• University of California-San Diego
  • 9500 Gilman Drive
  • La Jolla CA 92093-0532 USA
  • Tel: 1-858-534-0000
  • Fax: 1-858-534-0000

About Compas


The mean state and variability of the coupled ocean-atmosphere-land system is a matter of crucial scientific and societal importance and is one of SIO's strategic research directions. Changes in rain and snowfall patterns can cause persistent droughts or flooding, with attendant effects on agriculture and hydroelectric power supplies. Precipitation-driven changes in hydrology influence the susceptibility of arid regions to destructive wildfires, or of hilly areas to mudslides. The ocean directly influences the long-term climate by influencing the transport of heat and moisture and by exchange and uptake of gasses such as C02. Oceanic vertical mixing and upwelling play an important role in fisheries by determining the vertical flux of nutrients. Near-shore water quality and ecosystem health concerns have driven a heightened interest in the processes that move and mix water and constituents.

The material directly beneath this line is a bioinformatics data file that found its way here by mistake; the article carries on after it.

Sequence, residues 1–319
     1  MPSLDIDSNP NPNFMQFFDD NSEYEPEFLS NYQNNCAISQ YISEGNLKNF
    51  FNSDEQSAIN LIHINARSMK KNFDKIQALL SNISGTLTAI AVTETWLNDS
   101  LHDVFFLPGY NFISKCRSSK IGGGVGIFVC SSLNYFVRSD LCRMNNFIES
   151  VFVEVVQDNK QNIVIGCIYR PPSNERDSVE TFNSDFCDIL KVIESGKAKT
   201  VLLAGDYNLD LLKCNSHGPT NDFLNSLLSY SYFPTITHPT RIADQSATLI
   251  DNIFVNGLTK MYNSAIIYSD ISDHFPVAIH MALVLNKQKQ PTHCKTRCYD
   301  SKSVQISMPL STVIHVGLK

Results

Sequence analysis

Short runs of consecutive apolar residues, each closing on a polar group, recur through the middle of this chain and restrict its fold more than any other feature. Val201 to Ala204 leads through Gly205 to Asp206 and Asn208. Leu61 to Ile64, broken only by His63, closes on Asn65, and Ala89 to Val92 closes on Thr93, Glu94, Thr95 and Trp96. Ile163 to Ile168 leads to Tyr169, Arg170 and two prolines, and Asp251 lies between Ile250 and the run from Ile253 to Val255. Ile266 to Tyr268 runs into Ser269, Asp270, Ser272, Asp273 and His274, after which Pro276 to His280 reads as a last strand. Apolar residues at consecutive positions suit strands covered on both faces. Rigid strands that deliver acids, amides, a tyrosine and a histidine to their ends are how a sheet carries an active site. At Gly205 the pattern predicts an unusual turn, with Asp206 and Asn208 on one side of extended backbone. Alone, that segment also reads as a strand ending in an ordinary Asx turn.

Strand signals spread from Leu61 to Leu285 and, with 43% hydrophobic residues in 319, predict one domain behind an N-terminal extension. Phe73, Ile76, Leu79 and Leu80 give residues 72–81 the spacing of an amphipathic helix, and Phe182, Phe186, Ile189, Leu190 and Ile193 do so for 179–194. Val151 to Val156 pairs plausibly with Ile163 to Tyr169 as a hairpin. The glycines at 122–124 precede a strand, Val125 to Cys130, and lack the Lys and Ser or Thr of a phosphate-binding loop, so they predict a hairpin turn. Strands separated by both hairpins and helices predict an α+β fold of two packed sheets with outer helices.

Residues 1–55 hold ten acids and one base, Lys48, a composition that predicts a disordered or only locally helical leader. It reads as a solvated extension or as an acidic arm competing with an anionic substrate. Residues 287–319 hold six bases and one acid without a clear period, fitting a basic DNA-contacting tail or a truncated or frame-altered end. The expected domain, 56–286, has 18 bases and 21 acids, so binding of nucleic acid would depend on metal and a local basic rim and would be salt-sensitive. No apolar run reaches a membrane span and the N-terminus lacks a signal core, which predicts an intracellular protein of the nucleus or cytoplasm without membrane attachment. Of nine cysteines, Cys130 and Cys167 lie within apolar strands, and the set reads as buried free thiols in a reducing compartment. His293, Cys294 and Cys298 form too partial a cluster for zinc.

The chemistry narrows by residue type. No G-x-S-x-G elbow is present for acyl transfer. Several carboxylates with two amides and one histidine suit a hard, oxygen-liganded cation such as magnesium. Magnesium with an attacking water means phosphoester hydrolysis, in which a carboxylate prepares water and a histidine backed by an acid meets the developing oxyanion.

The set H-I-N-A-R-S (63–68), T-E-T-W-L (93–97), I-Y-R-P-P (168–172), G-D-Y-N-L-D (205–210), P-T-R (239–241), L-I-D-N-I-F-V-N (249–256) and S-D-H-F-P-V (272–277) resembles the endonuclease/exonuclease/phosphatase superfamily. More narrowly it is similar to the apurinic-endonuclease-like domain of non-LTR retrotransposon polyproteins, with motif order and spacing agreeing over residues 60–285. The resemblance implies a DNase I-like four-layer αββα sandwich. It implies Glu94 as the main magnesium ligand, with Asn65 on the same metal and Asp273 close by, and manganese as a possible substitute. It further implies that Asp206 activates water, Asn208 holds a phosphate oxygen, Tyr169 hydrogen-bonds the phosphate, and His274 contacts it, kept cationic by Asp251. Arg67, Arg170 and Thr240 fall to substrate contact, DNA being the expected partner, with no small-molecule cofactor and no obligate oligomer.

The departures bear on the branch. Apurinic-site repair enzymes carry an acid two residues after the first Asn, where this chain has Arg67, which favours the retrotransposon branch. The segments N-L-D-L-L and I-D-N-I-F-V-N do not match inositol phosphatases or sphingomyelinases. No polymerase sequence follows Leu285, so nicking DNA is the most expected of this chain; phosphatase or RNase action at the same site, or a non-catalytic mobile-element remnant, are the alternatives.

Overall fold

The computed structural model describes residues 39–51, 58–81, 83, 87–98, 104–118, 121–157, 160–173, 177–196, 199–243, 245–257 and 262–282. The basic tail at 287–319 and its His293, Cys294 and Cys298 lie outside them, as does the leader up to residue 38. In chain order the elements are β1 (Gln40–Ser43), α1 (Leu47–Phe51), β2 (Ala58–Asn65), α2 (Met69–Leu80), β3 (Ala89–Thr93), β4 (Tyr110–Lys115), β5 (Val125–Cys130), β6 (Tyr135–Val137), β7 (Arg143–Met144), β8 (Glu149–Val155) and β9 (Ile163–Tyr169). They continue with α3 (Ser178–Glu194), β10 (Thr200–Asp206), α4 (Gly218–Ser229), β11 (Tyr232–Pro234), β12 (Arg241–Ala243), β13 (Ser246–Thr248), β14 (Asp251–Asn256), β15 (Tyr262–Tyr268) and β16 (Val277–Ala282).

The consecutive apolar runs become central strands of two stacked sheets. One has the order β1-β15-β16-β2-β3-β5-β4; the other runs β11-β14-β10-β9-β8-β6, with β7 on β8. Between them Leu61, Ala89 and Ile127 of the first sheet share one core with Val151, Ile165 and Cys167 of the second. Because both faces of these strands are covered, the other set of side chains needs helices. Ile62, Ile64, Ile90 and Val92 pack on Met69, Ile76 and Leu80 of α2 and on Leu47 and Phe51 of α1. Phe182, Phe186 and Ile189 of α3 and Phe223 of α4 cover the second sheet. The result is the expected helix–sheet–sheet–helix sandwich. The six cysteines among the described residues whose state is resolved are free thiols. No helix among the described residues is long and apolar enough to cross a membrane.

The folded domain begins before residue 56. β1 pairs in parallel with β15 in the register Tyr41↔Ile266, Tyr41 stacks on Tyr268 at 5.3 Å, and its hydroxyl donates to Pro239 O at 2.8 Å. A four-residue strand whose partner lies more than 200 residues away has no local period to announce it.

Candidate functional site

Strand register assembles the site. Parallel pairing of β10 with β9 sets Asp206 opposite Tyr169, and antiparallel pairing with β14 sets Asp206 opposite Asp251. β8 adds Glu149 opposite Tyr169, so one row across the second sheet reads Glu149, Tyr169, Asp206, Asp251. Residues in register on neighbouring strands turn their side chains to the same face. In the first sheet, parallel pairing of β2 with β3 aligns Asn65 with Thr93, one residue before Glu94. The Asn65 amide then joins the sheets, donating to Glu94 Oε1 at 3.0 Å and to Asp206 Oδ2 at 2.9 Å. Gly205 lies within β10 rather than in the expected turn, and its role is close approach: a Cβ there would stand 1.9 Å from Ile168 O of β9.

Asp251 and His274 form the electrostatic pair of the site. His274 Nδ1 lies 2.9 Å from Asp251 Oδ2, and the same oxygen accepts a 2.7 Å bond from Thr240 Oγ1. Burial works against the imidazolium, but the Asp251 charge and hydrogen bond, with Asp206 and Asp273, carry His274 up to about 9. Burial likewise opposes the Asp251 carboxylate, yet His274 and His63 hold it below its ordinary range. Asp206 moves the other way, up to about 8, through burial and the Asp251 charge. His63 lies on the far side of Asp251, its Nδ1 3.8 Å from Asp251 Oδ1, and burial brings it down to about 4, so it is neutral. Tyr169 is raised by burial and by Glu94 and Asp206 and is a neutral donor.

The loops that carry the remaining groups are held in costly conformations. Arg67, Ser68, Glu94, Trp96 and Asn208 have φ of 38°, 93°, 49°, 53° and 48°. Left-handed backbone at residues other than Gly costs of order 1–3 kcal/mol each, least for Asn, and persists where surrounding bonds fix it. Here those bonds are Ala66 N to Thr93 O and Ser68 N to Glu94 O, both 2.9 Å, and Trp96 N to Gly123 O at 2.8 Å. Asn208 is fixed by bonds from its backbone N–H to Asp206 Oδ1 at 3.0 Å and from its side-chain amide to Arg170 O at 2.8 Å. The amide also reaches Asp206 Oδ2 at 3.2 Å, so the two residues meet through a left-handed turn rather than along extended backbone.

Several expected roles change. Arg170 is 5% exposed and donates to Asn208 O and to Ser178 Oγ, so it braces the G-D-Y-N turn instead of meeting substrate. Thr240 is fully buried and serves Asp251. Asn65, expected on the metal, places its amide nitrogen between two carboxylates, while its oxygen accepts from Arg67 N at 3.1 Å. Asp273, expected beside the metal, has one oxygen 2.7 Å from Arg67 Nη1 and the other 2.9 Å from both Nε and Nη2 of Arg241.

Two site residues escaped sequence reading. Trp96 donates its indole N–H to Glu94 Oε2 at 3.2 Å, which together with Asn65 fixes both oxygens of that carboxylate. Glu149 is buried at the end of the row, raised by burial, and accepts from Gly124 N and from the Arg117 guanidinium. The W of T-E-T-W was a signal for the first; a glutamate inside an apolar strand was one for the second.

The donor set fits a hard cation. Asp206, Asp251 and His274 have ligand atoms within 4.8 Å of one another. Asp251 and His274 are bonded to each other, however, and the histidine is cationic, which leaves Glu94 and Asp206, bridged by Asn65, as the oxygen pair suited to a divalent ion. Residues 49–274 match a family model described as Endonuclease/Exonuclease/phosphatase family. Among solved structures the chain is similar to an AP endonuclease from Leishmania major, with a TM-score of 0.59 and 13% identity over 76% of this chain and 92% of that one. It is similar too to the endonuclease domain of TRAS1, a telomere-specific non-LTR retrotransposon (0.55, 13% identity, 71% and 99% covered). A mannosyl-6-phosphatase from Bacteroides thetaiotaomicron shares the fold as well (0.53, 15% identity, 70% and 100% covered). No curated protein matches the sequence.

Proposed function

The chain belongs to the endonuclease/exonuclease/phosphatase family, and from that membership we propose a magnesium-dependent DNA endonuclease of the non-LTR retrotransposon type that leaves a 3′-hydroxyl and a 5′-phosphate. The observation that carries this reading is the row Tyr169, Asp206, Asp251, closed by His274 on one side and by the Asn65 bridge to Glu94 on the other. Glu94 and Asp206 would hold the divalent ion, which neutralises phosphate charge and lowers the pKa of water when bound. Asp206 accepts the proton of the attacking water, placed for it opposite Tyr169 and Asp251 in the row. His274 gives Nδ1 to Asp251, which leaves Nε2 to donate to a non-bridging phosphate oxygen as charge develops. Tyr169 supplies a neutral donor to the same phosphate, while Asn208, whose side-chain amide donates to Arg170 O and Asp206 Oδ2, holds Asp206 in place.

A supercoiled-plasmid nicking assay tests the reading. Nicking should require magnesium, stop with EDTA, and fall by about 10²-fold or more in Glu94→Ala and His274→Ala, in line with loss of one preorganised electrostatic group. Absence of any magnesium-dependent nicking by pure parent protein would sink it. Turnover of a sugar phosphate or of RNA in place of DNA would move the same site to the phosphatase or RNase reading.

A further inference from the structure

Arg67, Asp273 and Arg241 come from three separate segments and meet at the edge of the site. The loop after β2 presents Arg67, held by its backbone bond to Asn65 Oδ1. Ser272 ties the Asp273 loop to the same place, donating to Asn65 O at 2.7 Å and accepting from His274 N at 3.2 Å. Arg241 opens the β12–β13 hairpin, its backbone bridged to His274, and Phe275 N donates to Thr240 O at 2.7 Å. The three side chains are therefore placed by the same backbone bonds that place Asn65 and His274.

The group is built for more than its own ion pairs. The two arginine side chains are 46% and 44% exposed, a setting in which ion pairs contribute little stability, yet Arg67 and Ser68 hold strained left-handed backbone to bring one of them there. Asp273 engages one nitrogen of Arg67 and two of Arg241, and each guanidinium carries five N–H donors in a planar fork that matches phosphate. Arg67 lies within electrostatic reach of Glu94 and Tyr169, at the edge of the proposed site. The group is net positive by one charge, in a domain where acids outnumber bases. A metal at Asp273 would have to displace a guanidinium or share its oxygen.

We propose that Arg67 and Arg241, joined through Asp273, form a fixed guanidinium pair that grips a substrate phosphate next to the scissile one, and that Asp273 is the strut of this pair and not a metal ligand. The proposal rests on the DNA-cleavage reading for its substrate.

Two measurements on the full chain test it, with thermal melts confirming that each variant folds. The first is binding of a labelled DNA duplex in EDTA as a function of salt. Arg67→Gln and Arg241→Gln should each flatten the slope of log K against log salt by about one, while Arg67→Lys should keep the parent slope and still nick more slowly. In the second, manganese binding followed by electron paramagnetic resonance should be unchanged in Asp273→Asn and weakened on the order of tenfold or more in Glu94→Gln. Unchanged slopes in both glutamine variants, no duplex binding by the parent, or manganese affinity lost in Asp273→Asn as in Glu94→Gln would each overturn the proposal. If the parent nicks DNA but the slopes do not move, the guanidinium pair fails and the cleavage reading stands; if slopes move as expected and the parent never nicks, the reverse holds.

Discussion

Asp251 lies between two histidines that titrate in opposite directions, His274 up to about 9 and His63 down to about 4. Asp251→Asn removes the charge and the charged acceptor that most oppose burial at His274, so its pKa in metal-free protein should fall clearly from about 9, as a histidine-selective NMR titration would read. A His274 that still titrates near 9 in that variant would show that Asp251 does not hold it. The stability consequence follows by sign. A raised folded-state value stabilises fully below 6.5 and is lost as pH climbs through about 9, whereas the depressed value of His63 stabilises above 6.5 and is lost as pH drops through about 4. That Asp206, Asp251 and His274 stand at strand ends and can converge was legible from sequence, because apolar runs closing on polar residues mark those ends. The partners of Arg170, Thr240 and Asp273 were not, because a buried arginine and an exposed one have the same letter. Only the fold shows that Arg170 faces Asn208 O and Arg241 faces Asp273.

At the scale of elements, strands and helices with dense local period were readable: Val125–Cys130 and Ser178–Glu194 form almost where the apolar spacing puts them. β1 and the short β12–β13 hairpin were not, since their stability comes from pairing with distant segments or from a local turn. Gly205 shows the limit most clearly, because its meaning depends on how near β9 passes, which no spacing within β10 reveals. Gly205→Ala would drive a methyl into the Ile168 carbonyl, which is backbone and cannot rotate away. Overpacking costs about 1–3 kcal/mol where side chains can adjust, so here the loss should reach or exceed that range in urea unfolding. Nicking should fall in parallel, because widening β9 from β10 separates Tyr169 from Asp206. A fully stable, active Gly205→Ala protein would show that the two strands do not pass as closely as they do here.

The Center for Observations, Modeling, and Prediction at Scripps (COMPAS) was formed to address a common core of these questions through numerical modeling of physical processes in the ocean, atmosphere and on land. COMPAS is a cooperative center established by researchers in the Scripps Institution of Oceanography (SIO) Physical Oceanography, Climate, and Integrative Oceanography research divisions. The U.S. oceanographic and climate communities have been limited by computing resources, and the COMPAS cluster computing facility has had a significant positive impact, both locally and globally, through increased local computing capacity and experience, collaborations, education, and, not least, the scientific results. These local resources have enabled local expertise and shared experience in the ``nuts and bolts'' of modern supercomputing.


Compas was originally supported by an NSF MRI along with additional support from ONR, IBM (through CalIT2), the SIO administration, and the Vettlesen Foundation. Compas has been further supported by a second NSF MRI.